Network effects and the dynamics of migration and inequality: Theory and evidence from Mexico

David Mckenzie, Hillel Rapoport

Research output: Contribution to journalArticlepeer-review

408 Scopus citations

Abstract

International migration is costly and initially only the middle class of the wealth distribution may have both the means and incentives to migrate, which can increase inequality in the sending community. However, the migration networks formed lower the costs for future migrants, which can in turn lower inequality. This paper shows both theoretically and empirically that wealth has a nonlinear effect on migration, and then examines the empirical evidence for an inverse U-shaped relationship between emigration and inequality in rural sending communities in Mexico. After instrumenting, we find that the overall impact of migration is to reduce inequality across communities with relatively high levels of past migration. We also find some suggestive evidence for an inverse U-shaped relationship among communities with a wider range of migration experiences.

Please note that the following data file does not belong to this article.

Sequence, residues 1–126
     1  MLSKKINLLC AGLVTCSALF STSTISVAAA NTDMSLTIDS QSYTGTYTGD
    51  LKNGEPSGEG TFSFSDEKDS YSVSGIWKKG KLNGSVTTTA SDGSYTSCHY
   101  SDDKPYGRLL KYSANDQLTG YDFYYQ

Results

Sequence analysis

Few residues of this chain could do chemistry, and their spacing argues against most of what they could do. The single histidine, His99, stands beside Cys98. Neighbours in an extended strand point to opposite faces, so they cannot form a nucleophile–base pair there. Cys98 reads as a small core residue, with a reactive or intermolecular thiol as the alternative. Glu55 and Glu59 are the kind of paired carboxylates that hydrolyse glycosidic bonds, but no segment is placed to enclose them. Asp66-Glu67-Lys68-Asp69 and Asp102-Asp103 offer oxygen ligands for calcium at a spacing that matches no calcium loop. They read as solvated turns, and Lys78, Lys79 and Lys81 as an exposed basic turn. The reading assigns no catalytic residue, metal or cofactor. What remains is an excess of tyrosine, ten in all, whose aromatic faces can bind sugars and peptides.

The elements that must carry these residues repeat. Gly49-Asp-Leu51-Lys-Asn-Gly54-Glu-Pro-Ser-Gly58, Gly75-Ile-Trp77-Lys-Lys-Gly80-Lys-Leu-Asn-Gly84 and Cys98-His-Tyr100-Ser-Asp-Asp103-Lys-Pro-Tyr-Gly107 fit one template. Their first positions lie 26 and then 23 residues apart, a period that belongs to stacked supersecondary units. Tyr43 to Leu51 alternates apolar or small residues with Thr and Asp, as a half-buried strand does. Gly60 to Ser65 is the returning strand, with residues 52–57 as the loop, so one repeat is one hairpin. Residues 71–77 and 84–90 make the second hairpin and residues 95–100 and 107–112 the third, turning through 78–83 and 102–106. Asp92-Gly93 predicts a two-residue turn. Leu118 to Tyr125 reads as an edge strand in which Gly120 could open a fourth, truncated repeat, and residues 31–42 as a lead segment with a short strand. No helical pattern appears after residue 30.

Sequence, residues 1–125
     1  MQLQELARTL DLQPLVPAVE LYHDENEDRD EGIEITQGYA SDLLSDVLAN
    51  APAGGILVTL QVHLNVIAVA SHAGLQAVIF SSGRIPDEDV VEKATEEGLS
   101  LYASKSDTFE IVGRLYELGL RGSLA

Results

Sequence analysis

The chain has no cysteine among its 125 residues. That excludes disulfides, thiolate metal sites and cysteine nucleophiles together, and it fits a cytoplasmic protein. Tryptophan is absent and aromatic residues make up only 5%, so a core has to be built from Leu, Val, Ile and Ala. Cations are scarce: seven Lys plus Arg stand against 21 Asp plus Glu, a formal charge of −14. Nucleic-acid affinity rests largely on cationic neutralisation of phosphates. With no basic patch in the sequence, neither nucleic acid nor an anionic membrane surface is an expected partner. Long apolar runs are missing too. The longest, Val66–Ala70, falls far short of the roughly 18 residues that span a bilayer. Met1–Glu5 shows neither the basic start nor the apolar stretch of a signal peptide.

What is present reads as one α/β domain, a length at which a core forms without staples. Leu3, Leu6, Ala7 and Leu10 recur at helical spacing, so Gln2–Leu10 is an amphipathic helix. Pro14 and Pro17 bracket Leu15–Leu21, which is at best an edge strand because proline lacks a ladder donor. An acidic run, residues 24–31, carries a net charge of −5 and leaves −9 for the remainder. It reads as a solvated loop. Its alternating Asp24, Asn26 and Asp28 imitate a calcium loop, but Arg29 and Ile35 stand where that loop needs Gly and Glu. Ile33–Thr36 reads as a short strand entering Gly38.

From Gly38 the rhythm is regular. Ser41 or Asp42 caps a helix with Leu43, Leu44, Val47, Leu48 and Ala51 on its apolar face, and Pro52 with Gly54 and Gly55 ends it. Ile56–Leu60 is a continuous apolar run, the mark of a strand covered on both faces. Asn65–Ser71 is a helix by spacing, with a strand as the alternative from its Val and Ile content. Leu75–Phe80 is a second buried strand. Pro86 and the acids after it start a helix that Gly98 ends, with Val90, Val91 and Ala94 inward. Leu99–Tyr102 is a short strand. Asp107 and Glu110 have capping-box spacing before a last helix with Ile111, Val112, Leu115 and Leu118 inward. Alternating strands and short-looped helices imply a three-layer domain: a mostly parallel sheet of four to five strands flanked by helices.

Original languageEnglish
Pages (from-to)1-24
Number of pages24
JournalJournal of Development Economics
Volume84
Issue number1
DOIs
StatePublished - Sep 2007

Bibliographical note

Funding Information:
Thanks to Nicole Hildebrandt, Cristobal Huneeus and Pascal Lévy-Garboua for excellent research assistance; suggestions and comments from Gordon Hanson, two referees, Frederic Docquier, Andrew Foster, Kaivan Munshi, Christopher Udry and seminar participants at Boston University, Brown, UC Berkeley, UC Davis, UC Santa Cruz, the World Bank DECRG and Yale; and Chris Woodruff for generously supplying his historic migration rate data. We are grateful for financial support for this project from the Rockefeller Foundation.

Funding

Thanks to Nicole Hildebrandt, Cristobal Huneeus and Pascal Lévy-Garboua for excellent research assistance; suggestions and comments from Gordon Hanson, two referees, Frederic Docquier, Andrew Foster, Kaivan Munshi, Christopher Udry and seminar participants at Boston University, Brown, UC Berkeley, UC Davis, UC Santa Cruz, the World Bank DECRG and Yale; and Chris Woodruff for generously supplying his historic migration rate data. We are grateful for financial support for this project from the Rockefeller Foundation.

FundersFunder number
Rockefeller Foundation

    Keywords

    • Inequality
    • Migration
    • Network effects
    • Remittances

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